The first preserved report is cultural: the Moiseyev Ballet, on tour in Spain. The images are passing in black and white. Dance steps, Carmen Sarmiento speaking to the camera from the stalls, interviewing the dancers... The scene that we see today on a computer screen gave birth, on March 31, 1973, to the Weekly Report. Next to the video, a warning reads: "Technical status: image in poor condition, apparently cut off due to the end of recording." Nothing like watching the longest running program on national television with the eyes of a documentarian.
The magic phrase in the User Service Unit of the TVE Documentary Fund is: "There must be a weekly report on [insert topic here]". It is not for less. "The relationship between his team and those of us who work with the archive have always been one of symbiosis: Informe asks for a lot of documentation, but later its images are reused ad nauseam." He knows well what Luis López Polinio is talking about, head of the team that supplies archive images to the Information Services of the Entity and documentalist of the house since 1986.
Weekly Report turns half a century this Friday, and is consolidated as the longest running program on national television in Spain, but also in Europe. Worldwide it is only surpassed by 60 Minutes, from the American chain CBS, which was the inspiration for Pedro Erquicia when he was commissioned to create an informative magazine for Saturday nights. In fact, the 50th anniversary special that will be broadcast this Saturday will last exactly 60 minutes as a tribute.
It was an unprecedented format in Spain, its creators were very brave and daring, they won many battles against censorship
"It was an unprecedented format in Spain, its creators were very brave and daring, they won many battles against censorship," recalls José Carlos Gallardo, current director of the space, and returns to Carmen Sarmiento: "He talked about abortion, divorce, topics that could not be discussed. He recorded a report on adultery in 1976 that could not be broadcast until 1978". Those seven editors and two initial filmmakers called themselves children of the spirit of '68; they wanted to change the world, or at least try to. "They did it, and in this country they set the agenda," confirms Gallardo.
Until shortly before López Polinio's professional career began, everything was saved in film format. There are still some boxes of those reels scattered around the shelves. Not everything, he points out, there was no such awareness of posterity that has turned the rooms of the RTVE archive into a sort of time capsule of undeniable beauty. "The newscast was considered a broadcast product, an eliminated product," he says, "the raw material was kept in the cinema, but the broadcasts were on video, a very expensive medium, so the tapes were reused. They did not begin to be kept until 1985" .
Also in that, Weekly Report was an exception, "a privileged program" for a documentary filmmaker. "From the beginning it had a great impact and a close relationship with the archive," he recalls, "if you ask for images from the day the Watergate scandal broke out, for example, you won't find the news, but you will find the complete Saturday program. Blessed Weekly Report, It's been the backbone of so many searches." Also, he adds, it was the first material to be digitized.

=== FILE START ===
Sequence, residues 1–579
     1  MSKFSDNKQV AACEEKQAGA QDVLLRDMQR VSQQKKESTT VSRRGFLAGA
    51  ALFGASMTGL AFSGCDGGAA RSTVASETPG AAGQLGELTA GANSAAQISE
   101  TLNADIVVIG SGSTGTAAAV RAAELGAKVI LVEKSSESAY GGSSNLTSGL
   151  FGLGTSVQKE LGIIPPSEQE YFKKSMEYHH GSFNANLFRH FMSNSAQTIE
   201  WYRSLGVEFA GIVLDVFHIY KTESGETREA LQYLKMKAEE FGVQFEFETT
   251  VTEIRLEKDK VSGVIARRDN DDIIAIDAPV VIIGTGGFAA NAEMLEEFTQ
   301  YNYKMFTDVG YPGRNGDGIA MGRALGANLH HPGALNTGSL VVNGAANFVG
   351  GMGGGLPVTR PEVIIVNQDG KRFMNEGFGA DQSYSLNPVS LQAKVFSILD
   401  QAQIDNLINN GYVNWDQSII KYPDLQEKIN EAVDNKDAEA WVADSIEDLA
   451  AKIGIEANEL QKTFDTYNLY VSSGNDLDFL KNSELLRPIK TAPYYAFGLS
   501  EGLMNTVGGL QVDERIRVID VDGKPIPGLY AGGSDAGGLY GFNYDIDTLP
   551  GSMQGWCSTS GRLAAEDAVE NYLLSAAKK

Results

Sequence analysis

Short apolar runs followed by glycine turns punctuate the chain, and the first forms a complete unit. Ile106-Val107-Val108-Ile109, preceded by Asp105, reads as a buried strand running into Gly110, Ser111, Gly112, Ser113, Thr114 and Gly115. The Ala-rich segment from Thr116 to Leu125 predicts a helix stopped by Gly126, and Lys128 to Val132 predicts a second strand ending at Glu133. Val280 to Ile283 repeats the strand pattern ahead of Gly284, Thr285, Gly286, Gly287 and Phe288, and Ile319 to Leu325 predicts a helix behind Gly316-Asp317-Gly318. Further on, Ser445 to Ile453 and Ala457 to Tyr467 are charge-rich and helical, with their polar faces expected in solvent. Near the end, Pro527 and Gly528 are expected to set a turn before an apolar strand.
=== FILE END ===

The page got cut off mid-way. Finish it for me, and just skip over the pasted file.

From the beginning he had a close relationship with the archive. Our magic phrase is: 'There has to be a 'Weekly Report' on this.'
Going through the classic RTVE archive with a veteran has something magical. They call it El Voltio among themselves, they suppose that because in the past he was in an area of electrical contacts, but the truth is that no one knows it very well. It is a huge room divided into two floors covered with shelves. Corridors and corridors of tapes that contain the visual memory of History. Luis wriggles as if it were his house, shows cards, tapes, reviews a lifetime of order, numbers and letters: "I will always remember some. 3X507 was the code for the ETA attacks."
At the entrance, with the columns of covers in perspective, the reporter Carmen González records a short introduction for the Saturday program. "Weekly Report is a very special and much-loved format, you realize when you call: everyone gets on the phone," says the journalist, "and the working method is very particular: the team is always made up of a cameraman , a writer and a director who work together on the script. Always hand in hand, it couldn't be done any other way."
It is a very special and much-loved format, you realize when you call any personality: everyone picks up the phone
In the last three months, Luis López Polinio has gone through these rows of videos frequently, an anniversary obliges. "The most striking thing has been discovering how modern some of the topics they dealt with in the beginning were, it was avant-garde journalism, absolutely", he admits... with nostalgia? "I think that in documentation, any time in the past was worse," the older woman denies, but concedes: "Sometimes a certain calm and a certain care are missed. Now immediacy, speed, reflection or spending time prevail to find more elaborate material. For those of us who have caught up with a certain age, it leaves us a little with our tongues hanging out".
Almost 40 years documenting, organizing and diving into the huge RTVE archive must leave a mark.
-Luis, you will be champion of Trivial at least.
-[Laughs] Oh, in the past yes! Now they ask things about Piqué's troubles... and I'm already lost.
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